NM cannabis regulation director resigns

After less than a year in the position, the director of New Mexico’s Cannabis Control Division has left the division. 

A spokesperson for the state’s Regulation and Licensing Division, which oversees the Cannabis Control Division, confirmed that Kristen Thomson resigned from her role as director of the division. 

In an email to NM Political Report, regulation and licensing spokesperson Bernice Geiger said Thomson’s resignation was in effect immediately. 

“Yesterday, June 16, 2022, Kristen Thomson submitted her resignation from the position of Director of the Cannabis Control Division of the Regulation and Licensing Department (RLD). Her resignation was effective at that time,” Geiger wrote. “We thank Kristen for her service to the Cannabis Control Division and the State of New Mexico and wish her success in her future endeavors.”

Prior to working for the Cannabis Control Division, Thomson was a lobbyist in Colorado. According to her lobbying company’s website, cannabis was one of a handful of issues Thomspon worked on. 

Geiger did not specify the reason for Thomson’s sudden departure but in a phone interview on Friday, Thomson said she never planned on the division director role being a “forever job” for her. 

“I am a creator, not a regulator,” Thomson told NM Political Report. “That just was never going to be the role for me.”

Thomson said she has long had a passion for helping to come up with “big policy ideas” that help to create positive economic change on the community level and that she had not imagined that she would ever head a government agency.

NM misses deadline for cannabis training standards

When the state Legislature debated the New Mexico Cannabis Regulation Act, many lawmakers raised concerns about the health and safety of the public in a post-legalization world. Some expressed concerns about ingesting too much cannabis, while others raised concerns about intoxicated driving in a state that already battles with some of the worst rates of alcohol-related deaths in the nation.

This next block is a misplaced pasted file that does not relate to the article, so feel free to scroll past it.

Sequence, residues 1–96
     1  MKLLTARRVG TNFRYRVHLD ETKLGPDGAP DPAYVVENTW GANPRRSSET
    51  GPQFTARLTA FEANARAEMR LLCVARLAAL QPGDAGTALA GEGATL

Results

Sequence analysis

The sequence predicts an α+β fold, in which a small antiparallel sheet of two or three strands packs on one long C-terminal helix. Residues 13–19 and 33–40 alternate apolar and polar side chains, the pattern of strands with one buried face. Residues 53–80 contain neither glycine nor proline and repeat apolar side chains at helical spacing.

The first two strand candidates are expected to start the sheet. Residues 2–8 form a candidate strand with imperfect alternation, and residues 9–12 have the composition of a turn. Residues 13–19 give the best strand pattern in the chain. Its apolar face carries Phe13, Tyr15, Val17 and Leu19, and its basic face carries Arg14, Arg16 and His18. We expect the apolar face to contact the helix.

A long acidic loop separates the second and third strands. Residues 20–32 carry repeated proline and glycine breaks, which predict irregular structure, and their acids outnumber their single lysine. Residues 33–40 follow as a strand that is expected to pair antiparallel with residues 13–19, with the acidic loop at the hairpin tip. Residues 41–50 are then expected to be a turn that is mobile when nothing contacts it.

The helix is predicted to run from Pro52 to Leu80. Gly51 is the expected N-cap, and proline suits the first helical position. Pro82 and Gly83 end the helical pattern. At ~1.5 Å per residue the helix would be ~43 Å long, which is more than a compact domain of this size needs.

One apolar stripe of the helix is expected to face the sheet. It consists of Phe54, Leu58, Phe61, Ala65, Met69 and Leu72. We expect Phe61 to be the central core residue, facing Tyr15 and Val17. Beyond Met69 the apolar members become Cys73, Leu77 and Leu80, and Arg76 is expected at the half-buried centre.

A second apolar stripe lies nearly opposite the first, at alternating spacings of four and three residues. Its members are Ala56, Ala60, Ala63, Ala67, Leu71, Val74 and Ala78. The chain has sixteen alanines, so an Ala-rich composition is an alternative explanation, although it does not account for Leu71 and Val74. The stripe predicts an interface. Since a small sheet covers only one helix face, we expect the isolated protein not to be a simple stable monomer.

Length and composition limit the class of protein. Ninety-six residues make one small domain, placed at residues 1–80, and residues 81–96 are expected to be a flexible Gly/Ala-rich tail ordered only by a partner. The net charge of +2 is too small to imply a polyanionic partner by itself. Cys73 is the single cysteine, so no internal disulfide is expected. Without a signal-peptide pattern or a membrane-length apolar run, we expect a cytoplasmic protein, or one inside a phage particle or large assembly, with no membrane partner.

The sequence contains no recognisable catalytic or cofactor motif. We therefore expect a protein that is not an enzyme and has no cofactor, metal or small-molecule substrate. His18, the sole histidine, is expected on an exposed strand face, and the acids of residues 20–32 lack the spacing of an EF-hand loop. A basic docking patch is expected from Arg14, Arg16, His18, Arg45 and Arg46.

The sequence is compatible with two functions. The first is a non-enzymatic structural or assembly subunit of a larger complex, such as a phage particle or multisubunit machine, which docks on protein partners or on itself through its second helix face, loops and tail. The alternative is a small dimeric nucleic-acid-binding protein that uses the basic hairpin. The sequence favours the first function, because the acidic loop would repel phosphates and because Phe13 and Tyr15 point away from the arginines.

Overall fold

In theory, state agencies can require education programs for those who work in the cannabis industry in order to help ensure the public’s safety. And the Cannabis Regulation Act lays out a framework for education standards within the state’s cannabis industry. But currently, there are no rules or regulations for cannabis servers working at consumption lounges that are designed for on-site cannabis consumption and one cannabis educator said she thinks the state is increasing the liability of some business owners. 

The Cannabis Regulation Act includes benchmarks for what is referred to as a “cannabis server education program curriculum.” Some of those standards include subjects like how cannabis interacts with other substances like alcohol and illegal drugs, how to spot “problem cannabis product users” and the impact cannabis has on a person’s ability to drive safely. The law also requires that any cannabis server education program be approved by state regulators. 

But according to the state’s Regulation and Licensing Department and its Cannabis Control Division, there are no specific standards in place beyond what’s in the statute, even though regulators have already begun accepting applications for cannabis consumption lounges and have licensed one company to sell cannabis for on-site consumption. Further, the Cannabis Regulation Act requires that the Cannabis Control Division “begin licensing cannabis training and education programs no later than January 1,2022.”